17. 17. Location EconomiesWhen firms base each value creation activity at thatlocation where economic, political, and cultural conditions,including relative factor costs, are most conducive to theperformance of that activity, they realize locationeconomies (the economies that arise from performing avalue creation activity in the optimal location for thatactivity, wherever in the world that might be)By achieving location economies, firms can:lower the costs of value creation and achieve a low costpositiondifferentiate their product offering 12-17
  18. 18. Location EconomiesFirms that take advantage of location economies indifferent parts of the world, create a global web of valuecreation activitiesUnder this strategy, different stages of the value chainare dispersed to those locations around the globe whereperceived value is maximized or where the costs of valuecreation are minimizedA caveat:transportation costs, trade barriers, and political riskscomplicate this picture 12-18
  19. 19. Classroom Performance SystemWhat is created when different stages of a value chain aredispersed to locations where value added is maximized orwhere the costs of value creation are minimized?a) Experience effectsb) Learning effectsc) Economies of scaled) A global web 12-19
  20. 20. Experience EffectsThe experience curve refers to the systematic reductionsin production costs that have been observed to occur overthe life of a productLearning effects are cost savings that come from learningby doingSo, when labor productivity increases, individuals learnthe most efficient ways to perform particular tasks, andmanagement learns how to manage the new operationmore efficiently 12-20
  21. 21. Experience EffectsFigure 12.5: The Experience Curve 12-21
  22. 22. Experience EffectsEconomies of scale refer to the reductions in unit cost achieved byproducing a large volume of a productSources of economies of scale include:spreading fixed costs over a large volumeutilizing production facilities more intensivelyincreasing bargaining power with suppliersBy moving down the experience curve, firms reduce the cost ofcreating valueTo get down the experience curve quickly, firms can use a singleplant to serve global markets 12-22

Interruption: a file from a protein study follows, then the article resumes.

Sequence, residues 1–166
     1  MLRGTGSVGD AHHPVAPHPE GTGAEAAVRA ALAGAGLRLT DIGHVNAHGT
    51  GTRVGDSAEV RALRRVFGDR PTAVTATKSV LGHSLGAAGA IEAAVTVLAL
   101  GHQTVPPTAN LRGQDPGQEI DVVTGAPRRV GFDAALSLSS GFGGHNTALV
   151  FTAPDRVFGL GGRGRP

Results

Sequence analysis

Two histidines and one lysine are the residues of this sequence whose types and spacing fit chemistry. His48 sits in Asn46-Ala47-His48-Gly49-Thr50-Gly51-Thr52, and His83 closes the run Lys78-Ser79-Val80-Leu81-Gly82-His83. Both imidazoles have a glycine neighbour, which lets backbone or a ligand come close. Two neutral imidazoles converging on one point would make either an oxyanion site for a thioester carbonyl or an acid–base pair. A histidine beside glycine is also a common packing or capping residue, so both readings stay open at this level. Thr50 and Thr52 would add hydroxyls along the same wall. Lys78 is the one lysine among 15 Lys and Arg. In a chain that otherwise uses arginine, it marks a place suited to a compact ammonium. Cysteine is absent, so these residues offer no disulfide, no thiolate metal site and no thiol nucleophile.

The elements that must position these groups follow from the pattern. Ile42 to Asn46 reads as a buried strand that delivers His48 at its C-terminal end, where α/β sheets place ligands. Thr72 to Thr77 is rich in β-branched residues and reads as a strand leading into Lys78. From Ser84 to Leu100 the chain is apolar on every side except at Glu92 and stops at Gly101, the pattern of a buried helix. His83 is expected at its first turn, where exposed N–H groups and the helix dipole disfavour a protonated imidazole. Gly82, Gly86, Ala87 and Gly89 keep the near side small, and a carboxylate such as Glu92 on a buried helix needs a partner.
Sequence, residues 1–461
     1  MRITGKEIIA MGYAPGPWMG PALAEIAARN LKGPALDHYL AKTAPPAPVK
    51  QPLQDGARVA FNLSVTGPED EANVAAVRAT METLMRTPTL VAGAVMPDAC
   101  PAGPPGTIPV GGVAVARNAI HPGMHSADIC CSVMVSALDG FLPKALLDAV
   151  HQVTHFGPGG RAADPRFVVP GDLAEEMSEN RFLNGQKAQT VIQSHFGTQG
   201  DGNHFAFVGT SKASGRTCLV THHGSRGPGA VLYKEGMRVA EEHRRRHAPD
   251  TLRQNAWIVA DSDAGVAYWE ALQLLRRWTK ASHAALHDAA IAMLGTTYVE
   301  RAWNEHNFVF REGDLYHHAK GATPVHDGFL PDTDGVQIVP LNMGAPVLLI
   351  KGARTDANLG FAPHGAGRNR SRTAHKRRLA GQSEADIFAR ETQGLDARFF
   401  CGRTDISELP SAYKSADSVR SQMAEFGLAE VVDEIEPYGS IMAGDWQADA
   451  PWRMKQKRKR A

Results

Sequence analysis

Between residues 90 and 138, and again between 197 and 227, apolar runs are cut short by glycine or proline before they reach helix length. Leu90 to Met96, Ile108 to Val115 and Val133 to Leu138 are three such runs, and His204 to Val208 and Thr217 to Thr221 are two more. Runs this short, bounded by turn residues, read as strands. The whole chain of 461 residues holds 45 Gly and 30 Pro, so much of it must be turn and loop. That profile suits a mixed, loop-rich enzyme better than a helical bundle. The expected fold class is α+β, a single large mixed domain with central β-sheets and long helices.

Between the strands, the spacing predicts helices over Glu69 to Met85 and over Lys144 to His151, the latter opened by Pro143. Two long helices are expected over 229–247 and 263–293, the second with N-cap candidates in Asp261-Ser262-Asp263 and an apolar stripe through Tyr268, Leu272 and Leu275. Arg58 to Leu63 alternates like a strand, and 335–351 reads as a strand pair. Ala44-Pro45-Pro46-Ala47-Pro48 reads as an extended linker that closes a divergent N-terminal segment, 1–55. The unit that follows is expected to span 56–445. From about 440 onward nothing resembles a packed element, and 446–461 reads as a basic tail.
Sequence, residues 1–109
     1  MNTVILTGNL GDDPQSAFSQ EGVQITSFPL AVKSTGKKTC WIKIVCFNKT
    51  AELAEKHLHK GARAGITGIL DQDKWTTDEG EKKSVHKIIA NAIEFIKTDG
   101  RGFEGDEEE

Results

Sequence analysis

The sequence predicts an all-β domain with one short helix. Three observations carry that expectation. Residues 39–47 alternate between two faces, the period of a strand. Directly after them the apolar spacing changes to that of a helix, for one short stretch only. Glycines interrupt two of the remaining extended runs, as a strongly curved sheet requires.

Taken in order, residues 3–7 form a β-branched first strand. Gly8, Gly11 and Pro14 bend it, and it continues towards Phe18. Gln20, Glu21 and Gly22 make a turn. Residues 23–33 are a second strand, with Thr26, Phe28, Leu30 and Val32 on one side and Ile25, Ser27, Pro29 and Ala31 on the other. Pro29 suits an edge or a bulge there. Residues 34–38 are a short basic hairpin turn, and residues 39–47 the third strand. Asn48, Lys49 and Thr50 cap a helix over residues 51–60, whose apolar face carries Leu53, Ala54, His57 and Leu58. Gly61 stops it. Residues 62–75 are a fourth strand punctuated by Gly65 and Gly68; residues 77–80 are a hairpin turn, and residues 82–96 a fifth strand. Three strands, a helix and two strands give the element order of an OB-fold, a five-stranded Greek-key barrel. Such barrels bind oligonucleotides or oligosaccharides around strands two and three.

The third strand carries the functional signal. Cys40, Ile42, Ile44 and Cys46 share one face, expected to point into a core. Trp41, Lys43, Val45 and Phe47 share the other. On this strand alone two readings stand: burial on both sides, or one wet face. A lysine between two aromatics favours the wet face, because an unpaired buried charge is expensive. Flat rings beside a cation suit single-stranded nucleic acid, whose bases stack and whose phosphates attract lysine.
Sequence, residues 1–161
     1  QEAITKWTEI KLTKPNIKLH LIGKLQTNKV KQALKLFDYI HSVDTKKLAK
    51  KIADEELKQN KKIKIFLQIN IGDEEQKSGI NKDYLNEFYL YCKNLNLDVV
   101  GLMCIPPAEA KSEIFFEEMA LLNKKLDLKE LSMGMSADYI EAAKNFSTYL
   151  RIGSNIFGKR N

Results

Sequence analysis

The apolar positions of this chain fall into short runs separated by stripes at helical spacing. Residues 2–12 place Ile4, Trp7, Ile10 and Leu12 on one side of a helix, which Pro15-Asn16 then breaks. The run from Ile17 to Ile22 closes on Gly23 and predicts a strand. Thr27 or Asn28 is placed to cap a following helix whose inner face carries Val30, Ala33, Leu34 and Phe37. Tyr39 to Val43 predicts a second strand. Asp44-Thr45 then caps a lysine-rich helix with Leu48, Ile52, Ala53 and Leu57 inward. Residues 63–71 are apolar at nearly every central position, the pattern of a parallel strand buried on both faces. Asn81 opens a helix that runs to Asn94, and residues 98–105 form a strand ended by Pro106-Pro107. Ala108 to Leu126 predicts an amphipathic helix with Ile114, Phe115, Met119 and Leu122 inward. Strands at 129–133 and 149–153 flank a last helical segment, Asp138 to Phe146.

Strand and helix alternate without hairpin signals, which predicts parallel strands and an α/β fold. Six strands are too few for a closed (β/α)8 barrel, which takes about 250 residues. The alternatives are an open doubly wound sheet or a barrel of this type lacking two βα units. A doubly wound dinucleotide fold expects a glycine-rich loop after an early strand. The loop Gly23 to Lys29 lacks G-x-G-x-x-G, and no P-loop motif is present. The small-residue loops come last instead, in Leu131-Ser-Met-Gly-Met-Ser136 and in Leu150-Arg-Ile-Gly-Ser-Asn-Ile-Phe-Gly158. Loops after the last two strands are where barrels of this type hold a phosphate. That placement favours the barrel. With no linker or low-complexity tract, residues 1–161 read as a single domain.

23. 23. Leveraging Subsidiary SkillsIt is important for managers to:recognize that valuable skills that could be appliedelsewhere in the firm can arise anywhere within the firm’sglobal network (not just at the corporate center)establish an incentive system that encourages localemployees to acquire new skillshave a process for identifying when valuable new skillshave been created in a subsidiary 12-23
  24. 24. SummaryManagers need to keep in mind the complex relationshipbetween profitability and profit growth when makingstrategic decisions about pricingIn some cases, it may be worthwhile to price productslow relative to their perceived value in order to gain marketshare 12-24
  25. 25. Cost Pressures And Pressures For Local ResponsivenessFirms that compete in the global marketplace typically facetwo types of competitive pressures:pressures for cost reductionspressures to be locally responsiveThese pressures place conflicting demands on the firmPressures for cost reductions force the firm to lower unitcosts, but pressure for local responsiveness require thefirm to adapt its product to meet local demands in eachmarket—a strategy that raises costs 12-25
  26. 26. Cost Pressures And Pressures For Local ResponsivenessFigure 12.6: Pressures for Cost Reductions and Local Responsiveness 12-26
  27. 27. Pressures For Cost ReductionsPressures for cost reductions are greatest:in industries producing commodity type products that filluniversal needs (needs that exist when the tastes andpreferences of consumers in different nations are similar ifnot identical) where price is the main competitive weaponwhen major competitors are based in low cost locationswhere there is persistent excess capacitywhere consumers are powerful and face low switchingcosts 12-27